News / Africa

Official Hails Rwanda’s Reconciliation, Economic Transformation

Mike Nkuzumuwami stands by the rows of human skulls and bones that form a memorial to those who died in the redbrick church that was the scene of a massacre during the 1994 genocide, and which he helps to look after, in the village of Nyarubuye, eastern R
Mike Nkuzumuwami stands by the rows of human skulls and bones that form a memorial to those who died in the redbrick church that was the scene of a massacre during the 1994 genocide, and which he helps to look after, in the village of Nyarubuye, eastern R
Peter Clottey
Rwanda’s attorney general and minister of justice says the country has made significant strides to reconcile citizens in the past 20 years following the 1994 genocide that left about 800,000 Tutsis and moderate Hutus killed in a 100-day massacre.  Rwanda begins the commemoration of the genocide on Monday.

Busingye Johnston says the commemoration of the tragedy is a period of stocktaking, to remember, renew and for Rwandans to commit to the country’s unity, as well as the legacy of the genocide and its aftermath.

“It is also to take stock of what is happening to the world 20 years down the road.  Is genocide still, never again?  Is it still crime against humanity?  Is the world behaving as if genocide will never happen again?  Are people being brought to account who got involved in the perpetration of the genocide?  So we are taking stock of the 20 years and looking at the future with a lot of hope,” said Johnston.

Rwanda’s economy, infrastructure, social services, education systems and health system, were totally shattered after the genocide, according to Johnston.

He says President Paul Kagame’s government has since made significant efforts to reconcile the people after the genocide and has implemented policies that have improved the lives of the people.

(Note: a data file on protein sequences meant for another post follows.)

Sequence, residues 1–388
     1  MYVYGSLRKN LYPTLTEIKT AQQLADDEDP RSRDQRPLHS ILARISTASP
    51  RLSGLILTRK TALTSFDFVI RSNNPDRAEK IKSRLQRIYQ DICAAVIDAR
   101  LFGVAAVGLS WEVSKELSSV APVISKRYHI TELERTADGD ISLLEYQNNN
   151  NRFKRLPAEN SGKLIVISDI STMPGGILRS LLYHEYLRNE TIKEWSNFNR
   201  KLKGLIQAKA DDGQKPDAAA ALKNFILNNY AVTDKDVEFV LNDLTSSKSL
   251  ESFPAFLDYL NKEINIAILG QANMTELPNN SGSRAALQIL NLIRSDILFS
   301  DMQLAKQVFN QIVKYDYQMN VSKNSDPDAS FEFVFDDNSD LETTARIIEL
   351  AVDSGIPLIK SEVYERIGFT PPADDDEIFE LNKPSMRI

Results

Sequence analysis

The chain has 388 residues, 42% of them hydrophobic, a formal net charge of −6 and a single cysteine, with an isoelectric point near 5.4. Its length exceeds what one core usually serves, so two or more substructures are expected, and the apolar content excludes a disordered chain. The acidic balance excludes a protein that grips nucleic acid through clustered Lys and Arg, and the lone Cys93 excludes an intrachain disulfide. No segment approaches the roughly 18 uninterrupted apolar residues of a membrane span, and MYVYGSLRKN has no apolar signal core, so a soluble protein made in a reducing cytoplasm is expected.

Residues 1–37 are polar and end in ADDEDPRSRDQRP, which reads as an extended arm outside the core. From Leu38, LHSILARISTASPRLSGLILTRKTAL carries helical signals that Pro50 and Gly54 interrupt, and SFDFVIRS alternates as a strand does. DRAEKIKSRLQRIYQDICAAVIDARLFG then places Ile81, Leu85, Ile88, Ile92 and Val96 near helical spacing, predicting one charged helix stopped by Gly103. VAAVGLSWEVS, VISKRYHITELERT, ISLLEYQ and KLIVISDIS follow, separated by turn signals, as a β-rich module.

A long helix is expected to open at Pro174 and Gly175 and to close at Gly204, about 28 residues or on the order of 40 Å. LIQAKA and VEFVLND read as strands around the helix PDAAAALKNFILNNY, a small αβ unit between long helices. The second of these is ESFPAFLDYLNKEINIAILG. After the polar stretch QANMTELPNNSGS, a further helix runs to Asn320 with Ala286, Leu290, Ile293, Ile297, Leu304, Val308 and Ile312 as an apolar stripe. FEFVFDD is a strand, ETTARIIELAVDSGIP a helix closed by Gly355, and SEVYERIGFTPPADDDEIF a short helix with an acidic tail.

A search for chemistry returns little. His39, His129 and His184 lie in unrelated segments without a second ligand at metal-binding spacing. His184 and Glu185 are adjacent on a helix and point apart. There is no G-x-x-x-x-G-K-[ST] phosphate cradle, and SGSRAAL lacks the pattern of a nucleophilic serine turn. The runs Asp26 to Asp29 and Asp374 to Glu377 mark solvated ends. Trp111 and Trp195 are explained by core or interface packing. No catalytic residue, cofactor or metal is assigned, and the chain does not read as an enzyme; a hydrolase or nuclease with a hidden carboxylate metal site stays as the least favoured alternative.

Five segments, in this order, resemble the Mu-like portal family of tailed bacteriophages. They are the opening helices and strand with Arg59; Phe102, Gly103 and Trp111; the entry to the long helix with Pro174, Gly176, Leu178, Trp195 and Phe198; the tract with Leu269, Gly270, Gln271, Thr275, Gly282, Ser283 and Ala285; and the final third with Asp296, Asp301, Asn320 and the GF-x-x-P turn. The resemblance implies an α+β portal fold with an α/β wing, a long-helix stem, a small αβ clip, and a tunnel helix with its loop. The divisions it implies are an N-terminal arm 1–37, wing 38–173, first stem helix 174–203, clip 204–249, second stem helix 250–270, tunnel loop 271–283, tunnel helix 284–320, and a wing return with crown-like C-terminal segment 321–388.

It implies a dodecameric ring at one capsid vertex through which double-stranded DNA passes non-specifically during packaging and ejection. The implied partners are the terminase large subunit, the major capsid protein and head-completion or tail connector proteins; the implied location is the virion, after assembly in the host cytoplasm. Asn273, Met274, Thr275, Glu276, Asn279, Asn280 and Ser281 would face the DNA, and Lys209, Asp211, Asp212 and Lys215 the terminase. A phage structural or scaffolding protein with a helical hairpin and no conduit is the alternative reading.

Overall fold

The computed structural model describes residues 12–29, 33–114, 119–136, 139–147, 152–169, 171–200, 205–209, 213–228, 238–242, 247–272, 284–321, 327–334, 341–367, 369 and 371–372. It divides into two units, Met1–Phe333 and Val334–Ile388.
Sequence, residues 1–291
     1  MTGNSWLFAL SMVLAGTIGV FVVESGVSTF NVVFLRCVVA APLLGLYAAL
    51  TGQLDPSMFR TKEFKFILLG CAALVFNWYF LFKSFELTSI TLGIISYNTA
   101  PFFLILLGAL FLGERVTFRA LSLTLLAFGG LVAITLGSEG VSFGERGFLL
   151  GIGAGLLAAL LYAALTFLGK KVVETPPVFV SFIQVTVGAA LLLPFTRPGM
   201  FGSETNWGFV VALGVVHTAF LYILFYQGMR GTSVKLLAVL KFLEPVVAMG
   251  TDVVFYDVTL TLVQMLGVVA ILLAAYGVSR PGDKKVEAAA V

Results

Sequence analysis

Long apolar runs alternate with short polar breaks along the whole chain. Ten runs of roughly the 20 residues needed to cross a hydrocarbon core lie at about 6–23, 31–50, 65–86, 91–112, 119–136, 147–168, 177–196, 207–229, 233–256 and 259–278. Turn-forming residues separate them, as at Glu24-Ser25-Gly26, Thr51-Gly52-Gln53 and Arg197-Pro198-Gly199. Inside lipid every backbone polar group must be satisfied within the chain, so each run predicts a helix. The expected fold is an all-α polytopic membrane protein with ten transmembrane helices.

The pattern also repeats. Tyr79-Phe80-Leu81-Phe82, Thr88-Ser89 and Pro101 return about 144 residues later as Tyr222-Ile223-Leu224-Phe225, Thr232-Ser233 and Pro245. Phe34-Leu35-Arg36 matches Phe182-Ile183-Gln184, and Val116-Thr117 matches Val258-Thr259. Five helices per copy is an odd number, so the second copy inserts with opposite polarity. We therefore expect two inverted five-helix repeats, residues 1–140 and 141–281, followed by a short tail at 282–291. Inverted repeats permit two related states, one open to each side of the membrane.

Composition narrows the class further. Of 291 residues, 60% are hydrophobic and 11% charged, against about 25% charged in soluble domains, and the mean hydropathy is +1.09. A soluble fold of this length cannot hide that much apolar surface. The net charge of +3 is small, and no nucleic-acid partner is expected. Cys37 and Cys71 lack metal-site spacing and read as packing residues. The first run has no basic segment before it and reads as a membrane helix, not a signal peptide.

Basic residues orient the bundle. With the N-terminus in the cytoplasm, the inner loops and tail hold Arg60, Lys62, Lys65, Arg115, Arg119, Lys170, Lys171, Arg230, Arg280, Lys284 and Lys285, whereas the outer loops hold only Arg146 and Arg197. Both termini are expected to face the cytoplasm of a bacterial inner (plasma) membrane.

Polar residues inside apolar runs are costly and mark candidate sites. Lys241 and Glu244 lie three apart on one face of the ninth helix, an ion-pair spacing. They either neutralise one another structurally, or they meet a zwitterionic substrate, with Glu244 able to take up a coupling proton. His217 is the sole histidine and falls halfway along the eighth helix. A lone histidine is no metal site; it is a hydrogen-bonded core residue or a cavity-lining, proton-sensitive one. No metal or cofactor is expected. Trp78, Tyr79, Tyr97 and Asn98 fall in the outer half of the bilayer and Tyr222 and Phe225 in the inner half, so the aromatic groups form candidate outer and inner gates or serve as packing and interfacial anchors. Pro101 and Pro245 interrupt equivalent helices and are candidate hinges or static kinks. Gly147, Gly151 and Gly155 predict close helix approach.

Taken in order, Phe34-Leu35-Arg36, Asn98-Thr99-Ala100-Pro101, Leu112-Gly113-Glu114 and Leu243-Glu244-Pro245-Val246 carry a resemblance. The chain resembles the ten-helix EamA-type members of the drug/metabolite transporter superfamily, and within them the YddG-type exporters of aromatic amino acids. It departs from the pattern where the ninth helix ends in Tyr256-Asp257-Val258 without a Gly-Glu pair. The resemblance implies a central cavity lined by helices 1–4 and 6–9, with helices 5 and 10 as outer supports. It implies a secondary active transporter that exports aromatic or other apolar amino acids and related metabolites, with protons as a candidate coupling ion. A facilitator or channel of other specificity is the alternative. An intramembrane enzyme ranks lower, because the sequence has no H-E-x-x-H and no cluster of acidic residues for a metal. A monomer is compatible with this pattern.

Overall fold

“We came to a point that we wrapped around policies that can foster unity, working together, building a nation, having diverse views, but also knowing the limit of what we do, and being sure that we don’t rupture our society again,” said Johnston.  “We are not 100 percent, but we have made very good progress.  We are working on all facets of national, political, social and economic life and Rwandans feel one nation again.”         

The government in Kigali says Tutsis were mainly targeted to be wiped out during the 1994 genocide, although moderate Hutus were also killed during the same period.

Some Rwandans contend the administration’s insistence the genocide mainly targeted Tutsis could breed divisions among the population.

But Johnston disagreed.  He says the government honors and commemorates those non-Tutsis who stood up to the ethnic cleansing, but lost their lives as a result of their effort.

“The genocide happened certainly against the Tutsis, but there are people of all walks of life who died standing up against the genocide,” said Johnston.  “For us it is giving everything its proper place and those who fought against the genocide, we really do commemorate with them, every remembrance week.”

Johnston says there is need for politicians to be cautious about their utterances that could undermine efforts made to reconcile the people as well as maintain the country’s peace and stability. He outlined some of the lessons learned from the legacy of the genocide.

“We have learned that divisive politics, we have learned that an ideology that is capable of nothing else but hatred of one community against another community, of one people against the other ends up causing you mass atrocity.  And the mass atrocity that we saw in 1994 was without an action process that preceded it many years, and then it culminated in the 1994 genocide,” said Johnston.

“We have also learned that you can do your best to reconcile the people and also that you can pick up from a shuttered and written off state with determination with modest efforts to continue moving and you can get to where we are,” said Johnston.  “We are certainly not where we want to be, but we have made some progress and we now have something that we can proudly call a nation.”

Critics say the government has narrowed the country’s political space making it difficult for opponents to freely operate without fear of intimidation or harassment. 

Johnston disagrees.  He says several opposition political parties freely operate in the country without hindrance.

“I know there are about seven or eight political parties operating in this country.  I do not know those who lack space and they lack space to do what?  It might depend really on what they want that space do.  Otherwise, all the political parties in this country are operating normally like any other party would operate,” he said.